Two, some folks weren't sure about the underlying fundamentals. I mean, this is purely virtual currency. Is this real money? Where is the value?

Q: How did you handle those concerns?

A: It was more a case of letting the process play out. Initially, almost every stakeholder was skeptical. Then, as they worked through it, they started coming around.

And at the end, they had (nearly) unanimously come to the opinion that virtual currency had real value and that it was probably here to stay. This wasn't a flash in the pan or flavor of the month.

Q: So what were your objectives?

A: Well, we recognized that these developments had pluses. It is a fascinating technology. When it worked, it was fast and cheap. It could make settlements faster and easier. And it was durable: it came back from earlier scandals.

Private equity was pouring money in. That investment showed that they believed in it.

As for the concern that virtual currency was ethereal, that it was somehow not real money, just bits and bytes – well, in some ways that's true of our currency, right? Twenty dollars is worth $20 because we agree that it is. It's not worth $20 because the paper and ink are worth that much. And it isn't backed by gold or other tangible assets.

It's backed by the full faith and credit of the government. Virtual currency is validated and backed by believers, those who use it in the virtual marketplace.

Q: So what does the legislation do?

A: Well, the Money Transmitters Act, which we're treating as effective October 1, 2016, clarifies issues of applicability and enforcement.

Financial supervision is costly; so the legislation changes the funding mechanism from fee-based to volume-based assessments, enabling the industry to fund the cost of its supervision.

The legislation gives us authority to enforce federal law (such as BSA) as well as state laws.

It allows so-called "permissible investments," the consumers' first line of assurance that funds will be on hand to settle transactions, to be held in like currencies. In other words, Bitcoin can be held to back Bitcoin. This eliminates the issue of volatility of virtual currency between transmission and receipt.

It clarifies applicability of the Act. For example, it clarifies the scope of the business-to business exemption.

Essentially, the revised MTA treats transmitters of virtual currency the same way as it does conventional, fiat transmitters such as Western Union.

Those conducting the money transmission business for consumers must be licensed, a process by which we seek to keep bad actors out of the business. The legislation recognizes that validation will be done by the market. It does not regulate individuals. Neither does it regulate virtual currency.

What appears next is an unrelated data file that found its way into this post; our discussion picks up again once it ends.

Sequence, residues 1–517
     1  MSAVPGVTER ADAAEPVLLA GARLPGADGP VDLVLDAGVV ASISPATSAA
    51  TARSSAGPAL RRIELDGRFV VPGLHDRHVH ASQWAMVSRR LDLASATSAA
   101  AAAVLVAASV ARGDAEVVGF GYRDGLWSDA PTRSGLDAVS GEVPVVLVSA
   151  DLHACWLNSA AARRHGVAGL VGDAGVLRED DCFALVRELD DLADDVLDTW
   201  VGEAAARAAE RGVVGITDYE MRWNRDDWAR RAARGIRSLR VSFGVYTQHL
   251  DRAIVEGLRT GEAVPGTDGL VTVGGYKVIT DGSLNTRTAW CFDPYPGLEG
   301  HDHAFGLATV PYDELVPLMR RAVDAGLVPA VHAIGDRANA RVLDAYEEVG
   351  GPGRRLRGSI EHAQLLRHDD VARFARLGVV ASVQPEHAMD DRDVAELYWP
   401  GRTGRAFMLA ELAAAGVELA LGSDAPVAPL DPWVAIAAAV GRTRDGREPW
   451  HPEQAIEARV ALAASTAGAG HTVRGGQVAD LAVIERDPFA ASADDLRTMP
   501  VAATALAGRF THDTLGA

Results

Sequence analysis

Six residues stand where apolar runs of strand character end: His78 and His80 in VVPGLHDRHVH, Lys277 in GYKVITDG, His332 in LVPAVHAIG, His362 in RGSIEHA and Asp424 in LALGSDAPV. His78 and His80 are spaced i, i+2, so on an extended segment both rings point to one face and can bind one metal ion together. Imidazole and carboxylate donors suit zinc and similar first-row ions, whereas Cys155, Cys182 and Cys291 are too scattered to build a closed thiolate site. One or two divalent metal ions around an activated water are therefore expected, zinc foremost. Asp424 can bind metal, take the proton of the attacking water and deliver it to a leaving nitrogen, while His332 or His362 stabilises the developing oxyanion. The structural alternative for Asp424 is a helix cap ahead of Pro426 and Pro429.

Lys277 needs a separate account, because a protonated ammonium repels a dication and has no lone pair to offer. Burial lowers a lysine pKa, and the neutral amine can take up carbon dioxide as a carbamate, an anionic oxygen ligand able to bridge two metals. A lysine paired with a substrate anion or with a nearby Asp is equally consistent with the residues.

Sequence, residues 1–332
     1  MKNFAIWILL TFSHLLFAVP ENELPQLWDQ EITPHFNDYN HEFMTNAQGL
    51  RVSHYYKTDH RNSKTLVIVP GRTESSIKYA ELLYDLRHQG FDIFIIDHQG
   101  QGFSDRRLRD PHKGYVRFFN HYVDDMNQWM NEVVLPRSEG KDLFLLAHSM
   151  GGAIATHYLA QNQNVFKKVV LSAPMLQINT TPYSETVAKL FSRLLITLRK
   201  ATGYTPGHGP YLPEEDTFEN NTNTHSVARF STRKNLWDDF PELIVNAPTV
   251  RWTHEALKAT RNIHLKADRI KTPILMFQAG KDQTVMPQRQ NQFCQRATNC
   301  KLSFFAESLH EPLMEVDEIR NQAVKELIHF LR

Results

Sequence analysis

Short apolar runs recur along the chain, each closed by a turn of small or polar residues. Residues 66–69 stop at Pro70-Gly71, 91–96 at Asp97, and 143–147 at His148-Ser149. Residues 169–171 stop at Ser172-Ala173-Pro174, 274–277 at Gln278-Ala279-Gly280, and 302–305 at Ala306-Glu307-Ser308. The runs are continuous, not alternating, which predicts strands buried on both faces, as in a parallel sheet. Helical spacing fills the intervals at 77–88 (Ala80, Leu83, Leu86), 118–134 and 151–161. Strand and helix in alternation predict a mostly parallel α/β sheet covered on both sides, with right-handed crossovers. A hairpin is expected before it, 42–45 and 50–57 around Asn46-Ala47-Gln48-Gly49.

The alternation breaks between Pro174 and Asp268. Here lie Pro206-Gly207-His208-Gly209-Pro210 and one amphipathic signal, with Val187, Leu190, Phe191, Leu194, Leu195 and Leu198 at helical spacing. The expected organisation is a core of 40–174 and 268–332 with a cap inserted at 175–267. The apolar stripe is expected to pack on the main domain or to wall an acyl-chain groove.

Q: And what's your response to critics who say that you're regulating this industry – blockchain, fintech – this free domain, a Wild West of innovation if you will?

A: I think we're doing our job. We recognize there are risks. For example, if there was a major bitcoin theft, people would ask where the regulators were. We are putting reasonable measures in place that will hopefully protect consumers while not unduly hampering innovation. North Carolina encourages business and welcomes technological progress.

We don't regulate the virtual currency industry. We regulate transmissions to consumers and those who facilitate those transmissions for gain – virtual currency is handled the same way we would supervise transactions in U.S. dollars.

All our examinations do – the same examinations that Western Union or any other non-exempt transmitter undergoes – is to verify the systems of control.

Q: What has the reaction to the legislation been?

A: Well, there were some initial misconceptions that caused resentment and pushback. But as people have become familiarized with the details of the legislation, that's largely abated.

Q: Where do you see this headed?

A: Well, there is a lot of excitement, and a lot of talk of disruption. The history of banking is replete with changes. With regard to new technology, including the so-called "fintech" industry, history suggests that bankers will carefully follow new products and delivery mechanisms, determine which will give value to their model, and partner with or subsume them.

Now, we're seeing private equity and the really big banks investing heavily in this technology. It's a pretty heavy lift, but they have the resources and the credibility.

So some amazing changes are in the offing, many of which were not even imaginable five or 10 years ago. The proper role of regulators, in my opinion, is to continue to evaluate both the risks and the potential rewards of these new technologies, construct practical and effective measures to mitigate the risks, and allow the market to implement the changes. That, at least, is my intent.

The content of this article is intended to provide a general guide to the subject matter. Specialist advice should be sought about your specific circumstances.

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Michael E. Slipsky